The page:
Even before the modern video culture took root, DMC recognized the value of what a child sees at Mass:
35. The liturgy of the Mass contains many visual elements and these should be given great prominence with children. This is especially true of the particular visual elements in the course of the liturgical year, for example, the veneration of the cross, the Easter candle, the lights on the feast of the Presentation of the Lord, and the variety of colors and liturgical appointments.
In addition to the visual elements that belong to the celebration and to the place of celebration, it is appropriate to introduce other elements that will permit children to perceive visually the wonderful works of God in creation and redemption and thus support their prayer. The liturgy should never appear as something dry and merely intellectual.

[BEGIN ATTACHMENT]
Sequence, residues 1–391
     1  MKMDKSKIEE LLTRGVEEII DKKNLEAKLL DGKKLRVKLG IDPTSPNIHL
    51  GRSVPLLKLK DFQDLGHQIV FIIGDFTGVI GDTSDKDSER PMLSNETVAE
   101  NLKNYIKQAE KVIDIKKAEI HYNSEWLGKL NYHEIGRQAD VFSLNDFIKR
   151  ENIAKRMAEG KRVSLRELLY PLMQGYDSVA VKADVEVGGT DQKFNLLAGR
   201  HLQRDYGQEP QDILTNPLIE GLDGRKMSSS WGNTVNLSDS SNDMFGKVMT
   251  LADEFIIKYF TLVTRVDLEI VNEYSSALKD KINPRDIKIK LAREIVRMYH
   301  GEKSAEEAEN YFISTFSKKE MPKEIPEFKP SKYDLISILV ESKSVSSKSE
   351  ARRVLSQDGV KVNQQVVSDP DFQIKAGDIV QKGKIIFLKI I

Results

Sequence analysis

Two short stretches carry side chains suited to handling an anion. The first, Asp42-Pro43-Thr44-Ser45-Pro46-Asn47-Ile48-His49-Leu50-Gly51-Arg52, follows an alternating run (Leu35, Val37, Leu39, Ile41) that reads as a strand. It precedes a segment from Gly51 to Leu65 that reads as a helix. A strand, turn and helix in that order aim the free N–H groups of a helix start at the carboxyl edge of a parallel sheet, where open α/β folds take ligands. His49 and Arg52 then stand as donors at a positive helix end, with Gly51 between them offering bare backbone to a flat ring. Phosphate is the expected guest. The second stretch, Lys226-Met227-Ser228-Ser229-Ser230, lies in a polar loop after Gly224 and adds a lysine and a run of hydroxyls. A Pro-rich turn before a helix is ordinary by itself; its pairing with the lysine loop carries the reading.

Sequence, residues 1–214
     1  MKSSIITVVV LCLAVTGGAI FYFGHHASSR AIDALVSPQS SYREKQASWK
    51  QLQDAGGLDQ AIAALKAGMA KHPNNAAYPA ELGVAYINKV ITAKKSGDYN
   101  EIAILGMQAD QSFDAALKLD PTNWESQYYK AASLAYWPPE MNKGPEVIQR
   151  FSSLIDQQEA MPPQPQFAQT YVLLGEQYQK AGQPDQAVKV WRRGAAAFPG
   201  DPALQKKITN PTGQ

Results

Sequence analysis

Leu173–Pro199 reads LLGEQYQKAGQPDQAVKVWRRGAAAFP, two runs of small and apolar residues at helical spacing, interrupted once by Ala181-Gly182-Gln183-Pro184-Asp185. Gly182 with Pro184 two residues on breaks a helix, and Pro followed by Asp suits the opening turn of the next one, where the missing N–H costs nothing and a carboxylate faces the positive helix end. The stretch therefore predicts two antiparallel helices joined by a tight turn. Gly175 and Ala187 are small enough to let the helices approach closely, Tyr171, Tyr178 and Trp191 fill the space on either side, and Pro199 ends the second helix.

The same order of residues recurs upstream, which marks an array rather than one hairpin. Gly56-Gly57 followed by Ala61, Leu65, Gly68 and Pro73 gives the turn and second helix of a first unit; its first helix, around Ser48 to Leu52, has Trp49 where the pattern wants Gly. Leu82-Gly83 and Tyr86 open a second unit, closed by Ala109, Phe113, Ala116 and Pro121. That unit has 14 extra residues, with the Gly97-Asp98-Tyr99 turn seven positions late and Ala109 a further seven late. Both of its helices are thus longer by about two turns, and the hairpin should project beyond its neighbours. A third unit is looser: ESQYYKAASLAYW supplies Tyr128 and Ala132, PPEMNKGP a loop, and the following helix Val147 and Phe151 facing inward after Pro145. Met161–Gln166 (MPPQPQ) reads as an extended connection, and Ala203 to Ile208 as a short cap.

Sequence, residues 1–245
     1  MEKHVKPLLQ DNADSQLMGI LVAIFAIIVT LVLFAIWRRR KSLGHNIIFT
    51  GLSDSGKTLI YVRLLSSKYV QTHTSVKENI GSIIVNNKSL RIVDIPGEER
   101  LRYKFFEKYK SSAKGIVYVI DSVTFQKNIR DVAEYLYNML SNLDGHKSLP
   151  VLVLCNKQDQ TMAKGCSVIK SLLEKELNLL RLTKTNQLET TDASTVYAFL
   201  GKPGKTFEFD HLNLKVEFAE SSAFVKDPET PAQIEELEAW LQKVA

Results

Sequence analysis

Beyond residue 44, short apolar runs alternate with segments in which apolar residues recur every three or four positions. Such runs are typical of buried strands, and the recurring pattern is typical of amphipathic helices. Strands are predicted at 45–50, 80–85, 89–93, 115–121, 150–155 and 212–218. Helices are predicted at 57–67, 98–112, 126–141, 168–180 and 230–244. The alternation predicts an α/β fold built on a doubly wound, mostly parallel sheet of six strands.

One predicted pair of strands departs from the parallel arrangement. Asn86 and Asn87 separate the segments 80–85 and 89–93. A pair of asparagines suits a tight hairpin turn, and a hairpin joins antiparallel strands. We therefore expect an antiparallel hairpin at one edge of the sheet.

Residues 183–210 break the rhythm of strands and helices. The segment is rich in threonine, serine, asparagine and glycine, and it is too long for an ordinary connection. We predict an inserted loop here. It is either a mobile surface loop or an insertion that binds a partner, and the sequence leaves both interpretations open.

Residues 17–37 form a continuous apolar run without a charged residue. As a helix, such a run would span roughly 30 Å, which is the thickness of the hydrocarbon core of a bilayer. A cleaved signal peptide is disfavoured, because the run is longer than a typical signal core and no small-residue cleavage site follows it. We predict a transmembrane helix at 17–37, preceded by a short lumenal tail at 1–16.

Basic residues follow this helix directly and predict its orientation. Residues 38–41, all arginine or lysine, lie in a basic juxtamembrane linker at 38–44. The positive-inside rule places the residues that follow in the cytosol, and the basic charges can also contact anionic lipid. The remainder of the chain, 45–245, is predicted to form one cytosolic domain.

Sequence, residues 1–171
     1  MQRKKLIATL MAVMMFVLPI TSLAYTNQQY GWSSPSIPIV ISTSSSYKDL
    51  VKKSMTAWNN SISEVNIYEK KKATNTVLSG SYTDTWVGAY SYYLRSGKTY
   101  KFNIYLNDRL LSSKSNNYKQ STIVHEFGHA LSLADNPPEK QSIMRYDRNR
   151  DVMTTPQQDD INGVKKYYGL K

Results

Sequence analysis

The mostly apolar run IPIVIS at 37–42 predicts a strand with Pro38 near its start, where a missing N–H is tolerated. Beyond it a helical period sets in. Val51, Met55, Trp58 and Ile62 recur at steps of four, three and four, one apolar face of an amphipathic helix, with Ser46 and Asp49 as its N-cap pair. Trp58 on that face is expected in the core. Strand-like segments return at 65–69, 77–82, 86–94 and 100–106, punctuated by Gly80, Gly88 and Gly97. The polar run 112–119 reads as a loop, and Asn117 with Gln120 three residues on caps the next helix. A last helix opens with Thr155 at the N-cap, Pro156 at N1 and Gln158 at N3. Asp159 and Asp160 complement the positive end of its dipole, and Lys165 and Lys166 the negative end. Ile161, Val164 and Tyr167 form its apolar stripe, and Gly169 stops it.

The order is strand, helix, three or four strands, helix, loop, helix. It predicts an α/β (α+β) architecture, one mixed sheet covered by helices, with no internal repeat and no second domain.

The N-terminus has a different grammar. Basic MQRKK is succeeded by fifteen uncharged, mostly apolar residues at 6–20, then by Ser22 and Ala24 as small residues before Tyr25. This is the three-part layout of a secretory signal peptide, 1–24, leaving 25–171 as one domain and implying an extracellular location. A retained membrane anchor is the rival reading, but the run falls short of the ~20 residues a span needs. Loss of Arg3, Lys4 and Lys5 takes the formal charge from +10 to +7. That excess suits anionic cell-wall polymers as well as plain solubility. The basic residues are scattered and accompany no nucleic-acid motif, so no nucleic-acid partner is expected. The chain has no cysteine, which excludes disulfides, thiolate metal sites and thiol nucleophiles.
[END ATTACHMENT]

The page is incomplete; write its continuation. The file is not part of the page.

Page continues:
Any suggestions from the commentariat on what these could or should be?
36. For the same reason, the use of art work prepared by the children themselves may be useful, for example, as illustrations of a homily, as visual expressions of the intentions of the general intercessions, or as inspirations to reflection.
This is an excellent idea. Several years ago, I had a fourth grade class design an eight by thirty-two foot banner. Each child colored in a 2-ft by 2-ft panel and we assembled it for the parish celebration of Thanksgiving as well as the pre-Thanksgiving school Mass.
I would also value the discernment of true artists among a student body.